AWS Web Application Firewall – WAF

AWS Web Application Firewall – WAF

  • AWS WAF – Web Application Firewall protects web applications from attacks by allowing rules configuration that allow, block, or monitor (count) web requests based on defined conditions.
  • helps protects from common attack techniques like SQL injection and Cross-Site Scripting (XSS), Conditions based include IP addresses, HTTP headers, HTTP body, and URI strings.
  • tightly integrates with CloudFront, API Gateway, AppSync, and the Application Load Balancer (ALB) services used to deliver content for their websites and applications.
    • AWS WAF with Amazon CloudFront
      • AWS WAF rules run in all AWS Edge Locations, located around the world close to the end users.
      • Blocked requests are stopped before they reach the web servers.
      • Helps support custom origins outside of AWS.
    • AWS WAF with Application Load Balancer
      • WAF rules run in the region and can be used to protect internet-facing as well as internal load balancers.
    • AWS WAF with API Gateway
      • Can help secure and protect the REST APIs.
  • helps protect applications and can inspect web requests transmitted over HTTP or HTTPS.
  • provides Managed Rules which are pre-configured rules to protect applications from common threats like application vulnerabilities like OWASP, bots, or Common Vulnerabilities and Exposures (CVE).
  • logs can be sent to the CloudWatch Logs log group, an S3 bucket, or Kinesis Data Firehose.

WAF Benefits

  • Additional protection against web attacks using specified conditions
  • Conditions can be defined by using characteristics of web requests such as the following:
    • IP addresses that the requests originate from
    • Values in request headers
    • Strings that appear in the requests
    • Length of requests
    • Presence of SQL code that is likely to be malicious (this is known as SQL injection)
    • Presence of a script that is likely to be malicious (this is known as cross-site scripting)
  • Managed Rules to get you started quickly
  • Rules that you can reuse for multiple web applications
  • Real-time metrics and sampled web requests
  • Automated administration using the WAF API

How WAF Works

WAF allows controlling the behaviour of web requests by creating conditions, rules, and web access control lists (web ACLs).

WAF Works


  • Conditions define basic characteristics to watch for in a web request
    • Malicious script – XSS  (Cross Site Scripting) – Attackers embed scripts that can exploit vulnerabilities in web applications
    • IP addresses or address ranges that requests originate from.
    • Size – Length of specified parts of the request, such as the query string.
    • Malicious SQL – SQL injection – Attackers try to extract data from the database by embedding malicious SQL code in a web request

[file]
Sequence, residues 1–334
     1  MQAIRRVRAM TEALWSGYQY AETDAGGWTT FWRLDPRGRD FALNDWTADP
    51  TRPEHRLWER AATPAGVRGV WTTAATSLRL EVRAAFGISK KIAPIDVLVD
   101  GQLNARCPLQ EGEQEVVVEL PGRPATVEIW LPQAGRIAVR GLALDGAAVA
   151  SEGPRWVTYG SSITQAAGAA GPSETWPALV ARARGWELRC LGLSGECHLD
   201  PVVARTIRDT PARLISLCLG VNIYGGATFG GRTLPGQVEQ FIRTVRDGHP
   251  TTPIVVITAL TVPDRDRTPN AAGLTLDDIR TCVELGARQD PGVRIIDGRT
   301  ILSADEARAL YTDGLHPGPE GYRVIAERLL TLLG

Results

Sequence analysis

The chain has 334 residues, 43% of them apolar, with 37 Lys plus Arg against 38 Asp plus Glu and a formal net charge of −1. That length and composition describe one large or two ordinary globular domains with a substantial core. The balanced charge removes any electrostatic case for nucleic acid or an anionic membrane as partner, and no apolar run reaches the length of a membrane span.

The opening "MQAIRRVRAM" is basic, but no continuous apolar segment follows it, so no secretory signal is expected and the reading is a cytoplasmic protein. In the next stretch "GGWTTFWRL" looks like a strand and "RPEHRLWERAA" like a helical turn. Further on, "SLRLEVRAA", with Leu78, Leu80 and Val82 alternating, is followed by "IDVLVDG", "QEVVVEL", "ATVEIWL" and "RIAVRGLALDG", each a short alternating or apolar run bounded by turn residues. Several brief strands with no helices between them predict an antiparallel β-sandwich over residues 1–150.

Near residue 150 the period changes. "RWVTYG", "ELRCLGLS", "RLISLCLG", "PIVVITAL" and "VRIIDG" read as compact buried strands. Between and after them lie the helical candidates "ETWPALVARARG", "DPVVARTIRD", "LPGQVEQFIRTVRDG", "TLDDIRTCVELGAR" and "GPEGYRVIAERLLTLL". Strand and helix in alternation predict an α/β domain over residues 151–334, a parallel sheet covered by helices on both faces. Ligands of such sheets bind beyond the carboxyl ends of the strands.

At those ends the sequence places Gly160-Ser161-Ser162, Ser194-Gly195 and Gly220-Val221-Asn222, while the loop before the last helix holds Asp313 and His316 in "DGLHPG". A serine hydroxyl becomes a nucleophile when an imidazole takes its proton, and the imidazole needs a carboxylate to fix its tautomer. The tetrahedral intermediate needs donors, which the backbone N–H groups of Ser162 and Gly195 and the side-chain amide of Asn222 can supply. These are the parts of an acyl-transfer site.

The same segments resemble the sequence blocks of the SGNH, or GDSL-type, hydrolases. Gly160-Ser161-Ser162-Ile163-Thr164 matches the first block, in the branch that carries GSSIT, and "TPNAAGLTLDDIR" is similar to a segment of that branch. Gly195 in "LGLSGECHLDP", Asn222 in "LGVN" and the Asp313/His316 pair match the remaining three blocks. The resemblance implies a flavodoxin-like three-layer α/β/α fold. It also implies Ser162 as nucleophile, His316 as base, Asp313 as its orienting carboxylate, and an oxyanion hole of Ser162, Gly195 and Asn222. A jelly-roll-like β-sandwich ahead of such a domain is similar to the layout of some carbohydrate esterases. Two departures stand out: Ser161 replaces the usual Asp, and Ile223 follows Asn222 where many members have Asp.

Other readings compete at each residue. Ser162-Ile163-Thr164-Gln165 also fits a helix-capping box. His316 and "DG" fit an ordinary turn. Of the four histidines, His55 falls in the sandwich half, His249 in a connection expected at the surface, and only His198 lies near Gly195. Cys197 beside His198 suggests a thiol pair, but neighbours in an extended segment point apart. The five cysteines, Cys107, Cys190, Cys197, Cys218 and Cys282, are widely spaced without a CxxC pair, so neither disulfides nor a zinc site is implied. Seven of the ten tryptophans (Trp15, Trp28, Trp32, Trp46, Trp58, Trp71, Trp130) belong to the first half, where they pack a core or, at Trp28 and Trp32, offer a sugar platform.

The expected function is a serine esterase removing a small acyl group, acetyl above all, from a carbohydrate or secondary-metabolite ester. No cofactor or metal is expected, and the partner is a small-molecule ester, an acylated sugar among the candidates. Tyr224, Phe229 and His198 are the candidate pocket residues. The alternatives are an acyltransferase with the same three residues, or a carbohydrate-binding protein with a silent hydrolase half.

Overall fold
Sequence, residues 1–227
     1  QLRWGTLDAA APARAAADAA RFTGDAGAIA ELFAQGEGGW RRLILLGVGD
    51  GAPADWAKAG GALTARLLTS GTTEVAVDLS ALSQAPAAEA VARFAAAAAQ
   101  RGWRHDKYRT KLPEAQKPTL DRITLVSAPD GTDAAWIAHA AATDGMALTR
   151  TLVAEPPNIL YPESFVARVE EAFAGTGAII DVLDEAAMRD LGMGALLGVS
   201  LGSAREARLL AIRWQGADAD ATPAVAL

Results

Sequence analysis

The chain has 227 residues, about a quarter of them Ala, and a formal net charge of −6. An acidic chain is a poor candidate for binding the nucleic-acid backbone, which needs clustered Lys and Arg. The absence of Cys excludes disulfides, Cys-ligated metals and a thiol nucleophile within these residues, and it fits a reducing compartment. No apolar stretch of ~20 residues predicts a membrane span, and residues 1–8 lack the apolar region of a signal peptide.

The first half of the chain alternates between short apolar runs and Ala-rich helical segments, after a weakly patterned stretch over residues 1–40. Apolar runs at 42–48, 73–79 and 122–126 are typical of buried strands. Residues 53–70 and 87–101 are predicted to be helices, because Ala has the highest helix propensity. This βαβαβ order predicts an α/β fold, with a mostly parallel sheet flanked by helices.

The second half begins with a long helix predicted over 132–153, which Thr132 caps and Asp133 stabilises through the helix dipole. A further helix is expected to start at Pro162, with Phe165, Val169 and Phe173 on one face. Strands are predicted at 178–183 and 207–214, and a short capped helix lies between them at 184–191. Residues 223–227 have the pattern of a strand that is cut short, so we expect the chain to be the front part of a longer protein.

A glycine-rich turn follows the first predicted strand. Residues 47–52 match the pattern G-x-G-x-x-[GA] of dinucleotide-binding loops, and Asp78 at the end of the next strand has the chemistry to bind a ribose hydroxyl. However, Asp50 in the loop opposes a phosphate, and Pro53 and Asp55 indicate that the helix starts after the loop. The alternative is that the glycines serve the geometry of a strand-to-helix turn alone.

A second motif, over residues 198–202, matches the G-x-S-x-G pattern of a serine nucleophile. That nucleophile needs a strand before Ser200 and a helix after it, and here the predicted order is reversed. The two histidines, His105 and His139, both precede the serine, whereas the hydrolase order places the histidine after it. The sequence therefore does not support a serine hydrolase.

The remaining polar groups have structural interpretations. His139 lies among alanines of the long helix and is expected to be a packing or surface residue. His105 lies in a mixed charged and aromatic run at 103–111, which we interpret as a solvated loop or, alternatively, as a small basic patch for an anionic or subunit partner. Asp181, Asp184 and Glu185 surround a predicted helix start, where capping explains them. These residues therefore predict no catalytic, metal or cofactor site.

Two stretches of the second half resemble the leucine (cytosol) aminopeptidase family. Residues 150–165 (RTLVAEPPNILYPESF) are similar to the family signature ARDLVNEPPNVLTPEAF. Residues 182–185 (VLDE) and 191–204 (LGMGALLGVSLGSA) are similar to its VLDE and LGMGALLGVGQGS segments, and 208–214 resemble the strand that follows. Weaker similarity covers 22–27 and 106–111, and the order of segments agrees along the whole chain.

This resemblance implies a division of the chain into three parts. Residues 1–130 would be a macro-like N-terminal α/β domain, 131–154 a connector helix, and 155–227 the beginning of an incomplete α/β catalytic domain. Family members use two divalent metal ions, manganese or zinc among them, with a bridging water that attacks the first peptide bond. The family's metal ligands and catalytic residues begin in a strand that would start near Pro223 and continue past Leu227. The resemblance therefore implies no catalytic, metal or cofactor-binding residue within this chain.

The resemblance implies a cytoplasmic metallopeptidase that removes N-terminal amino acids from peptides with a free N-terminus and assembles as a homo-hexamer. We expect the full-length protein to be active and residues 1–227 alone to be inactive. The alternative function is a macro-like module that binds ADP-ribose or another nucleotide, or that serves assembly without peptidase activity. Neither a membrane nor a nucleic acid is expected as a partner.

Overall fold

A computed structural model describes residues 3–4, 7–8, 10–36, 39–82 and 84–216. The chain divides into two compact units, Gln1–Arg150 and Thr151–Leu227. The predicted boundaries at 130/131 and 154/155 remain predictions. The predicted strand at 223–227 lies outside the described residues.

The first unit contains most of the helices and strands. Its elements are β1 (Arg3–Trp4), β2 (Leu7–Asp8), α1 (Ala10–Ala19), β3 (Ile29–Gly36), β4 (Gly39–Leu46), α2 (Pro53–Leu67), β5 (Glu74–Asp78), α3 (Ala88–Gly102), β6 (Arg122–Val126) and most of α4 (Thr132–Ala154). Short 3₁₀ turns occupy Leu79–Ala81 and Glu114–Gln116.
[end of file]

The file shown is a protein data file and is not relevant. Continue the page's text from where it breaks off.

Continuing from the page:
• Geographic match – Allow or block requests based on the country from which the requests originate.
    • Strings that appear in the request, for e.g., values that appear in the User-Agent header or text strings that appear in the query string.
      Some conditions take multiple values.


  • Allow all requests except the ones specified – blacklisting for e.g all IP addresses except the ones specified
  • Block all requests except the ones specified – whitelisting for e.g IP addresses the request originates from
  • Monitor (Count) the requests that match the specified properties – allows counting of the requests that match the defined properties, which can be useful when configuring and testing allow or block requests using new properties. After confirming that the config did not accidentally block all of the traffic to the website, the configuration can be applied to change the behaviour to allow or block requests.
  • CAPTCHA – runs a CAPTCHA check against the request.


  • AWS WAF rule defines how to inspect HTTP(S) web requests and the action to take on a request when it matches the inspection criteria.
  • Each rule requires one top-level rule statement, which might contain nested statements at any depth, depending on the rule and statement type.
  • AWS WAF also supports logical statements for ANDOR, and NOT that you use to combine statements in a rule. for e.g.,
    • based on recent requests that you’ve seen from an attacker, you might create a rule that includes the following conditions with logical AND condition:
      • The requests come from
      • They contain the value BadBot in the User-Agent header.
      • They appear to include malicious SQL code in the query string.
    • All 3 conditions should be satisfied for the Rule to be passed and the associated action to be taken.

Rule Groups

  • A Rule Group is a reusable set of rules that can be added to a Web ACL.
  • Rule groups fall into the following main categories
    • Managed rule groups, which AWS Managed Rules and AWS Marketplace sellers create and maintain for you
    • Your own rule groups, which you create and maintain
    • Rule groups that are owned and managed by other services, like AWS Firewall Manager and Shield Advanced.

Web ACLs – Access Control Lists

  • A Web Access Control List – Web ACL provides fine-grained control over all of the HTTP(S) web requests that the protected resource responds to.
  • Web ACLs provides
    • Rule Groups OR Combination of Rules
    • Action – allow, block or count to perform for each rule
      • WAF compares a request with the rules in a web ACL in the order in which it is listed and takes the action that is associated with the first rule that the request matches.